Monday, July 18, 2016

Sixteen Human Error Modes for Mistake Proofing


We all make mistakes, to err is human.  The question is why does it happen and how can you prevent it.  The essence of mistake-proofing is to design both products and processes so that human errors or mistakes are impossible to make or, at the least, they are easy and early to detect and correct. Poka-yoke is Japanese slang for mistake-proofing, a term coined by Shigeo Shingo.

When performing a mistake-proofing analysis on a manufacturing, service or business process, it is of course important to identify every human error possible during each process step. There are 16 human error modes particularly helpful to understand when identifying potential human errors.

The Sixteen Human Error Modes

1.     Omission
What part of the process is prone to be omitted?

2.     Excessive/Insufficient Repetition
What part of the process is prone to be excessively repeated?

3.     Wrong Order or Sequence
In what wrong sequence can the process be executed?

4.     Early/Late Execution
What execution can be early or late?

5.     Execution of Restricted Work
What tasks could be executed by unauthorized personnel?

6.     Incorrect Selection (or Identification)
What object of the process is prone to be incorrectly selected or identified?

7.     Incorrect Counting (or Calculating)
What objects of the process can be counted, measured, or calculated incorrectly?

8.     Misrecognition (or Misunderstanding or Misreading)
What misunderstanding or misreading is prone to occur?
What information, risk, or failure/error is prone to be overlooked?
What miscommunication is prone to occur?
What incorrect decision is prone to occur?

9.     Failing to Sense Danger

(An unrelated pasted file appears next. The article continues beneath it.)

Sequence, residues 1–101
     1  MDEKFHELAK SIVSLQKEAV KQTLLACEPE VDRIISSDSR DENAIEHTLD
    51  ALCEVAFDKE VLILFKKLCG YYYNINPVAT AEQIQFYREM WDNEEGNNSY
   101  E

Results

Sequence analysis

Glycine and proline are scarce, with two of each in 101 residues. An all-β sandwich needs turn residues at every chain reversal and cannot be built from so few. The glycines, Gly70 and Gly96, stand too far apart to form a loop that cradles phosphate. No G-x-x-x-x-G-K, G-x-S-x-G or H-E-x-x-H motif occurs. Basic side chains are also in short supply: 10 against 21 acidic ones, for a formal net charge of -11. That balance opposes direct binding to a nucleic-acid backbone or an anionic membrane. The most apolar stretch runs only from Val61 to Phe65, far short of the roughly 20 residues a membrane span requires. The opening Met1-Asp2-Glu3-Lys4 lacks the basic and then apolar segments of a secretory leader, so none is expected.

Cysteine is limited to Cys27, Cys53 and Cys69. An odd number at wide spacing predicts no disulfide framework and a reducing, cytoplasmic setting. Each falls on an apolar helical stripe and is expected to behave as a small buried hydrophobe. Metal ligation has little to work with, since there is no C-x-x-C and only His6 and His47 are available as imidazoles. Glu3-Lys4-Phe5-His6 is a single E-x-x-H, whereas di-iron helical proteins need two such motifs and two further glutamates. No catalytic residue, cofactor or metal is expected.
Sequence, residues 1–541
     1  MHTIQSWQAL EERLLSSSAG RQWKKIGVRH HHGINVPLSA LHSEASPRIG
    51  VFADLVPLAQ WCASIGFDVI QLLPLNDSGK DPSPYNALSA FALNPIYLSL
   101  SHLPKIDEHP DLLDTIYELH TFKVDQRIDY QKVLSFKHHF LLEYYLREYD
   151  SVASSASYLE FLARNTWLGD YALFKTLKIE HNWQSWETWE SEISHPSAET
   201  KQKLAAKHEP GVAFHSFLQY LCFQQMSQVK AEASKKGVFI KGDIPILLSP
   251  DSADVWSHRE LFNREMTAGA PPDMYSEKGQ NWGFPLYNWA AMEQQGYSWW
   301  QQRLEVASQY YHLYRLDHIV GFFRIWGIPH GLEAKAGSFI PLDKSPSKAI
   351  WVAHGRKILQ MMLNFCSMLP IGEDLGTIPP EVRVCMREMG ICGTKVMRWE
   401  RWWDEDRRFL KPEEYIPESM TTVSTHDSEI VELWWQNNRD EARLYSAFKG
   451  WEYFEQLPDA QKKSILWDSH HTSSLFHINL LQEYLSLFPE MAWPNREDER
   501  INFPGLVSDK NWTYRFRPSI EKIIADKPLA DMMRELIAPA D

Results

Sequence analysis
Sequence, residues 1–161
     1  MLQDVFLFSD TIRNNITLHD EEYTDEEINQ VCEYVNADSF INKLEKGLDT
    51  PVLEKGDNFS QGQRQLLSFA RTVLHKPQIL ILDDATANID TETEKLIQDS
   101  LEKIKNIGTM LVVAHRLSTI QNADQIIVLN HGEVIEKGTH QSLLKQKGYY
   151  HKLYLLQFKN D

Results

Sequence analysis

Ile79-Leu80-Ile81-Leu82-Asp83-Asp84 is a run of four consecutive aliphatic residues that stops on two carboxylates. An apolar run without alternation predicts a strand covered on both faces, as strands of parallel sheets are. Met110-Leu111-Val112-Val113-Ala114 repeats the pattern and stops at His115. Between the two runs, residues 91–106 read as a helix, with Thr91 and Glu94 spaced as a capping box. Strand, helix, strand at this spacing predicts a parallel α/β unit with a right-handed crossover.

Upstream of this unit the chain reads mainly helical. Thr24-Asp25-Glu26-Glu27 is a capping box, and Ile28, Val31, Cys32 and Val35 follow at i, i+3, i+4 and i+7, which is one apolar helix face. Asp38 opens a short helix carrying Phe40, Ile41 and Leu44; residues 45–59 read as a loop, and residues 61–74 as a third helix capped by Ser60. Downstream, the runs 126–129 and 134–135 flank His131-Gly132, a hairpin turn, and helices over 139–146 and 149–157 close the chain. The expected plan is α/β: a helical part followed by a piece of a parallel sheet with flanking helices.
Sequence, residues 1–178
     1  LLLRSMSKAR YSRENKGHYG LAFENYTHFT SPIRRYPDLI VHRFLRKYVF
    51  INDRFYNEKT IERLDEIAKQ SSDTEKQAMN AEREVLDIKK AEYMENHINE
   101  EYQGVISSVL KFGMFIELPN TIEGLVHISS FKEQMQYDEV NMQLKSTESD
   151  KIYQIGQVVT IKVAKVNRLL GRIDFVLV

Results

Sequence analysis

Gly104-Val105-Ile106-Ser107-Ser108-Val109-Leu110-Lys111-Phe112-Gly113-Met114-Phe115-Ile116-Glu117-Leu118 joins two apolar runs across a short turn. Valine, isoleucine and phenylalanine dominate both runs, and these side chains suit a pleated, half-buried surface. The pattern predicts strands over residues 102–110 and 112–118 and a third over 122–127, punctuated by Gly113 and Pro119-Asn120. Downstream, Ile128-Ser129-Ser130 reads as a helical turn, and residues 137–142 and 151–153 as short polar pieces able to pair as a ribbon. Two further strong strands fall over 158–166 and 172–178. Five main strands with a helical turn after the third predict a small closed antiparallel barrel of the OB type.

What information, risk, or failure/error is prone to be overlooked?

10.  Incorrect Holding
What object of the process are prone to mishandling?

11.  Incorrect Positioning
What positioning setting error is prone to occur?

12.  Incorrect Orientation
What orientation error is prone to occur?

13.  Incorrect Motion
What motion or movement error is prone to occur?

14.  Improper Holding
What object of the process are prone to mishandling?

15.  Inaccurate Motion
What motion or movement error is prone to occur?

16.  Insufficient Avoidance
What can be unintentionally touched, stuck, or splashed?
What movement can cause harm?

We must approach human error by considering the interfaces of the process that the operator is engaged in. The process should be designed to permit communication between the process and the operator.

Shingo argued that errors are inevitable in any manufacturing process, but that if appropriate Poka-yokes are implemented, then mistakes can be caught quickly and prevented from resulting in defects. By eliminating defects at the source, the cost of mistakes within a company is reduced.


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